• Place patient in a private room or room with a patient with the same infection. If not possible, the roommate should NOT have open wounds, no invasive devices (such as tracheostomy, NG tube, IV line, Foley catheter) and should not be immunocompromised.
  • Wear gloves at all times while in the room.
  • Wear gloves whenever touching the patient or anything he or she has touched, such as bed rails.
  • Do not touch clean environmental surfaces with contaminated gloves.
  • Wash hands immediately after removing gloves and before leaving room.
  • Do not touch potentially contaminated environmental surfaces or items with bare hands.
  • Wear a gown when entering the room if your clothing may come in contact with the patient, environmental surfaces or items in the room, or if the patient is incontinent, has an ileostomy or colostomy, diarrhea, or wound drainage not contained by a dressing.
  • Remove gown without touching the outside and place it in the proper container before leaving the room.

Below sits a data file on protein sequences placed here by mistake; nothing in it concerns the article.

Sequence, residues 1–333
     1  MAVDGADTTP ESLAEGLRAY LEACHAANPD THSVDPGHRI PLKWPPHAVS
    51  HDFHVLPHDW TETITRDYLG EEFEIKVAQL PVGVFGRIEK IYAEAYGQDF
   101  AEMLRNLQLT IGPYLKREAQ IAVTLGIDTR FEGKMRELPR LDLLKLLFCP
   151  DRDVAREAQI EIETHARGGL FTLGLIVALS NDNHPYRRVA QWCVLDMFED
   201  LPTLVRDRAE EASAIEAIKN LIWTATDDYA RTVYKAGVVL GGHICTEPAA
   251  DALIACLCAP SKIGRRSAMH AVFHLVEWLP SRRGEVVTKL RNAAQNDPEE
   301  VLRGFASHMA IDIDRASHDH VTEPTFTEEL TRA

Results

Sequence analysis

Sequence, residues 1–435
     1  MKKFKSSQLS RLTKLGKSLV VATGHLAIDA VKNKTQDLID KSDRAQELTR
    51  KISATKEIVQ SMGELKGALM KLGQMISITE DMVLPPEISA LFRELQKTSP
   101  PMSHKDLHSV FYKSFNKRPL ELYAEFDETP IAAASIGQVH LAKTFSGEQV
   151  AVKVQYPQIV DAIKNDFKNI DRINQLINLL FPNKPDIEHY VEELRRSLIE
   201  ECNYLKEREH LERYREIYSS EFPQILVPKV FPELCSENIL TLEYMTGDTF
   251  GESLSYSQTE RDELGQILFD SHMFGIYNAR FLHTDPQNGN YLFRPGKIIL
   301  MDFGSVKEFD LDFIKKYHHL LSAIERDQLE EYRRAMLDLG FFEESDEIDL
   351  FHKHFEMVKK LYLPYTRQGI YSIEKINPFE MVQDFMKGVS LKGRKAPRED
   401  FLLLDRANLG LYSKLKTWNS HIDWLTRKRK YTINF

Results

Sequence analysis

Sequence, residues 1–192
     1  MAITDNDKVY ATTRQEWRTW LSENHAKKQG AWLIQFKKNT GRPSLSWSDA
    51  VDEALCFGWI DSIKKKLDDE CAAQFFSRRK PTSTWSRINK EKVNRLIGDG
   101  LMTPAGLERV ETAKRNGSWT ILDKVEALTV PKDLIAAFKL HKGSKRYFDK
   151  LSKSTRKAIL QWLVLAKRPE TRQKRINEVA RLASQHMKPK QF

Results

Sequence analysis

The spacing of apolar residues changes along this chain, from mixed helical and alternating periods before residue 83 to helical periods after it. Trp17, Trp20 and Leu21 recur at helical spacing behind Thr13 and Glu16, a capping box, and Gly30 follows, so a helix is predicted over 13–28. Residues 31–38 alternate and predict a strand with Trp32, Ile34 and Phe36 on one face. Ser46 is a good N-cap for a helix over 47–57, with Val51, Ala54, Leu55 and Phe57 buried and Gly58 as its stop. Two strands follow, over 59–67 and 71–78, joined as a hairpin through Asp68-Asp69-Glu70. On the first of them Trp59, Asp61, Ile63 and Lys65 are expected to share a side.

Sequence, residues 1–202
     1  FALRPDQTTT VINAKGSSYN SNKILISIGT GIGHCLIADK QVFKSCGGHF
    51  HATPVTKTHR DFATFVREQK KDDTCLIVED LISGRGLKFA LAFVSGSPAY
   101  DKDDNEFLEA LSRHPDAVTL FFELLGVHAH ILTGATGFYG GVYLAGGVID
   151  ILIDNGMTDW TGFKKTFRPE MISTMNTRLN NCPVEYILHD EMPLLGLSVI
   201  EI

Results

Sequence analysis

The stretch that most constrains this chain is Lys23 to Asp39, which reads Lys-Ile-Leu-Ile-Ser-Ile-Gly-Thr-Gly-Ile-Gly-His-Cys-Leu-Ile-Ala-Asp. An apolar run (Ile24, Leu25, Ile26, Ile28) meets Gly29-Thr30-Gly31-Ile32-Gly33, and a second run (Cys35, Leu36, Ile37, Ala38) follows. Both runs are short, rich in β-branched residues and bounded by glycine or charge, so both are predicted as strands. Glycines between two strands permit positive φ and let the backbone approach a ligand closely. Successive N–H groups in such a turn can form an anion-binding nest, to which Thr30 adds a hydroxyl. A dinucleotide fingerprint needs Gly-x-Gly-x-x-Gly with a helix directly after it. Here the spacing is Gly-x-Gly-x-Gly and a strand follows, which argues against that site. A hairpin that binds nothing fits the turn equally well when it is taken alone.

• Wear a mask if the patient has MRSA in the sputum or lungs and is coughing.
  • Limit patient transport within the facility.
  • Dedicate the use of non-critical equipment (such as stethoscope, blood pressure cuff and thermometer) to a single patient or group of patients with the same ARM.
  • Clean and disinfect all equipment prior to use on another patient.

Airborne Precaution

When to use airborne precautions:

  • Use when the infectious agent is a small particle or aerosol that is capable of remaining suspended in the air for long periods of time. Examples include tuberculosis (TB), measles and varicella (including disseminated herpes zoster). Centers for Disease Control and Prevention believe that Sudden Acute Respiratory Syndrome (SARS) could be transmitted via the airborne route (in addition to the droplet route).

Reason to Use Airborne Precautions:

Components of airborne precautions include standard precautions, plus: